7 October 2011
Erev Yom Kippur 5772
Two weeks ago at our 10th grade parent meeting, I led our parents through a brief exploration of an excerpt from the Yom Kippur liturgy. In this excerpt, which comes at the end of slichot (the penitential prayers), we sing “Ki Anu Amecha (Because we are Your People),” which affirms our People’s covenant with God by invoking 12 different metaphors for the relationship between God and the Jewish People. “Ki anu amecha v’Ata Eloheinu, anu banecha, v’Ata Avinu . . . Forgive us because we are your People and You are our God, we are your children and You are our parent…”
In chevrutot (learning pairs), the 10th grade parents discussed the implications of these different metaphors for the divine-human relationship, as well as for relationships between parents and children, teachers and students. I asked them to share which of the 12 relationships resonated most with them, and one parent’s comment has stayed with me as we prepare to enter Yom Kippur in just a few hours.
This parent chose to focus on the phrase: “Anu Karmecha v’Ata Nortreinu – We are Your vineyard and You are our Watchman,” or as he put it our “Gardener.” The parent shared that, at first, this relationship appeared problematic to him for it compares us to a vineyard, which seems so passive, as if we just sit there, and the gardener tends to us. But then he realized that a vineyard, a garden, is not passive at all. It grows. It lives. It is full of potential. The gardener waters it, prunes it when necessary, guides it, and thus creates the conditions under which it can blossom.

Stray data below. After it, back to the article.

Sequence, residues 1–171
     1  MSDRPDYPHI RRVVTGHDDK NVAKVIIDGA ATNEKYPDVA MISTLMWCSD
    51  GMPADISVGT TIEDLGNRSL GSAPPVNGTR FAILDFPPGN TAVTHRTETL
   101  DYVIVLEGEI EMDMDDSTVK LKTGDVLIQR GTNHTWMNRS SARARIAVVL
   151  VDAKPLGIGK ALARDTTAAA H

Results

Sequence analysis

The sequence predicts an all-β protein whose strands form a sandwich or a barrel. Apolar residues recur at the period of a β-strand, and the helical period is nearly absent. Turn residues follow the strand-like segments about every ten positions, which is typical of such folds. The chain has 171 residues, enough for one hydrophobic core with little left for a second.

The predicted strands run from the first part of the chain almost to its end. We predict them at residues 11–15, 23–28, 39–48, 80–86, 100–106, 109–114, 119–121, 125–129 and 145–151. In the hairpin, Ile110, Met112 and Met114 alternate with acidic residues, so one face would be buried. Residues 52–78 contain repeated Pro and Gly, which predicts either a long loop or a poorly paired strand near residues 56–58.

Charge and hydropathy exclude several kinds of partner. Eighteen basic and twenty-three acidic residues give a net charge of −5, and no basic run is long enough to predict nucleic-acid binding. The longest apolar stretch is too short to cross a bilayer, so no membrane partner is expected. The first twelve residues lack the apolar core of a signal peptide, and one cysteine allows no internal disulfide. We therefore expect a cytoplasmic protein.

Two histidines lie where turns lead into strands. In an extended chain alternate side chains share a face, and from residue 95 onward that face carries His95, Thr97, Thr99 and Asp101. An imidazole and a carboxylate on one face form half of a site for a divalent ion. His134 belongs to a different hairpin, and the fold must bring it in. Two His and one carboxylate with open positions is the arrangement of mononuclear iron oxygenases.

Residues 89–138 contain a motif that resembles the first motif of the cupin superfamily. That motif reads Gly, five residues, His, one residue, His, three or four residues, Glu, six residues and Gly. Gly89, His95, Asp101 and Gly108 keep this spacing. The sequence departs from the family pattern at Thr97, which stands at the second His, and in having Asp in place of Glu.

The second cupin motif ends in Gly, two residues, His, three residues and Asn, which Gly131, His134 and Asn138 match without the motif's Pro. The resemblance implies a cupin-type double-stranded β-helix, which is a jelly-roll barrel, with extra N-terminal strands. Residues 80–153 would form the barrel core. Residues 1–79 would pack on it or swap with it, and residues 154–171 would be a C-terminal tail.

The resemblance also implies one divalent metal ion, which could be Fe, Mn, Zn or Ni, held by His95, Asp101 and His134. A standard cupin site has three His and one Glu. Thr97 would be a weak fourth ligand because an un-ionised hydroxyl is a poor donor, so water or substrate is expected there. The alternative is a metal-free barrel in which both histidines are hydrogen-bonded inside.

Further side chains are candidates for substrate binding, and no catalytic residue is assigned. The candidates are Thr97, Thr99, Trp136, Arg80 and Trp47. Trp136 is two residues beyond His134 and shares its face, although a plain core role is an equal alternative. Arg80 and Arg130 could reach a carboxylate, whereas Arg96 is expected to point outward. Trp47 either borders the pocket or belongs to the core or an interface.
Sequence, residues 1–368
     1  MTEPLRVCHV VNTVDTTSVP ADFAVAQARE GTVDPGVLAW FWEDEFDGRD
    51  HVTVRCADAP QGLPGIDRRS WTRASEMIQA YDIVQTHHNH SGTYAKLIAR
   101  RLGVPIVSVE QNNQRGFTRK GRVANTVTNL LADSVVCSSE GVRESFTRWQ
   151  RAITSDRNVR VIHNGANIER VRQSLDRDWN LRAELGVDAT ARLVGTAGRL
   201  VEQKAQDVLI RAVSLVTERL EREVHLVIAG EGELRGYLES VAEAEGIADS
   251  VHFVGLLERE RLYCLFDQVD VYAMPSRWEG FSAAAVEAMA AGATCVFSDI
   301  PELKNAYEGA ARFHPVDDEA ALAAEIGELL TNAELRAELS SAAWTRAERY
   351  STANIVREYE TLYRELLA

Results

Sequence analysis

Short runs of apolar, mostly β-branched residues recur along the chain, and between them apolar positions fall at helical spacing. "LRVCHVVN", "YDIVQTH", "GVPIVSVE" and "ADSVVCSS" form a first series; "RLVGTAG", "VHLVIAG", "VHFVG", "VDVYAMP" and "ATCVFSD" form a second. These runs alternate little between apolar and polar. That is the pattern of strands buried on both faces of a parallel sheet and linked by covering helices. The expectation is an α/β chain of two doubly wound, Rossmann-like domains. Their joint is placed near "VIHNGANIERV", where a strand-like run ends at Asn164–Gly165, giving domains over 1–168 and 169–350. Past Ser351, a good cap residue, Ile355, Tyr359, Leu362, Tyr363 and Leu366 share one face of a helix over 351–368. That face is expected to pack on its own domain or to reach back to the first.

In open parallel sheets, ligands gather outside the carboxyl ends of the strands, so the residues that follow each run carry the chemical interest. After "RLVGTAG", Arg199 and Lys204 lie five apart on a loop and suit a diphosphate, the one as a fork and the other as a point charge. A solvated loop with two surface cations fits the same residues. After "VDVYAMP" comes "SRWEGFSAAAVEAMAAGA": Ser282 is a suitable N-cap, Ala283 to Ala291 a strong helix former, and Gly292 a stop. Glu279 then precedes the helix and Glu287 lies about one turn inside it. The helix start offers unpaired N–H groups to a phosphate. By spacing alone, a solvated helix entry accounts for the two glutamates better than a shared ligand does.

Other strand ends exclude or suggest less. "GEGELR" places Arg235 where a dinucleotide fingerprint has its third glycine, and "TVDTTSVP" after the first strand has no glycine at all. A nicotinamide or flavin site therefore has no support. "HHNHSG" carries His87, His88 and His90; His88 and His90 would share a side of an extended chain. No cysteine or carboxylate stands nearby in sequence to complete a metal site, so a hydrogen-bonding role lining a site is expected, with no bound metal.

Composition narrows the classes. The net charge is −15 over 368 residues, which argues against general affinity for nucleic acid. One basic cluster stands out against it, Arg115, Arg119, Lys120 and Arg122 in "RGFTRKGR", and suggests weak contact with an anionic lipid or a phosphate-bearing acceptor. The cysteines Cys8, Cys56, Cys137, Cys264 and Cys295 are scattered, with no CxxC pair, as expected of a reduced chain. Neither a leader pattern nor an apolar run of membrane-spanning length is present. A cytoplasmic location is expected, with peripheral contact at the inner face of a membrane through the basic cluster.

This is a powerful way to conceive of our relationship with God. So much of our liturgy envisions God as King, Judge, or Father. Imagine praying to God as Gardener.
The vineyard, or garden, is also a meaningful and humbling metaphor for a school. Great teaching, like great parenting, is like gardening. Our students are so full of life, energy, and potential. We plant ideas, seeds of knowledge. We water them with skills and capacities. We nurture them with an ecosystem that supports their learning and growth as intellectuals and people. We prune them when necessary, challenging them to refine their minds, their talents, their character. Ultimately, it is they who learn, grow, and develop, often in ways we hoped and anticipated, sometimes in ways we never imagined!
I feel blessed to be a part of our sacred endeavor to make our garden grow. May this be a meaningful Yom Kippur and may we all be inscribed in the Book of Life for a year of health, happiness, productivity, and purpose.
G’mar Chatima Tova,
Rabbi Marc Baker